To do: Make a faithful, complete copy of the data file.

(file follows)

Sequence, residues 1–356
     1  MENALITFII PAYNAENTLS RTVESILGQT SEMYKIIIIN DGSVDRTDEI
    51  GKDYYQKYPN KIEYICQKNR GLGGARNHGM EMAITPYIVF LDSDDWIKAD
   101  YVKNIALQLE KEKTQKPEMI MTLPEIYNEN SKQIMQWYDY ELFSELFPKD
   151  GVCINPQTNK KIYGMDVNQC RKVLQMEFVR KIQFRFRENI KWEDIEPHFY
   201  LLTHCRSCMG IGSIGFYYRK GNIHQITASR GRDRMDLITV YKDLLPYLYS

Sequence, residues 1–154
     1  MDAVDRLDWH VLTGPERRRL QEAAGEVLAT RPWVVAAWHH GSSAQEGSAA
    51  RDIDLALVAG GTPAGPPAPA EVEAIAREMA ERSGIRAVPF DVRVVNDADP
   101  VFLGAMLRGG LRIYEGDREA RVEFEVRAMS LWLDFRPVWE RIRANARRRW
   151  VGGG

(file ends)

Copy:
Sequence, residues 1–356
     1  MENALITFII PAYNAENTLS RTVESILGQT SEMYKIIIIN DGSVDRTDEI
    51  GKDYYQKYPN KIEYICQKNR GLGGARNHGM EMAITPYIVF LDSDDWIKAD
   101  YVKNIALQLE KEKTQKPEMI MTLPEIYNEN SKQIMQWYDY ELFSELFPKD
   151  GVCINPQTNK KIYGMDVNQC RKVLQMEFVR KIQFRFRENI KWEDIEPHFY
   201  LLTHCRSCMG IGSIGFYYRK GNIHQITASR GRDRMDLITV YKDLLPYLYS

Sequence, residues 1–154
     1  MDAVDRLDWH VLTGPERRRL QEAAGEVLAT RPWVVAAWHH GSSAQEGSAA
    51  RDIDLALVAG GTPAGPPAPA EVEAIAREMA ERSGIRAVPF DVRVVNDADP
   101  VFLGAMLRGG LRIYEGDREA RVEFEVRAMS LWLDFRPVWE RIRANARRRW
   151  VGGG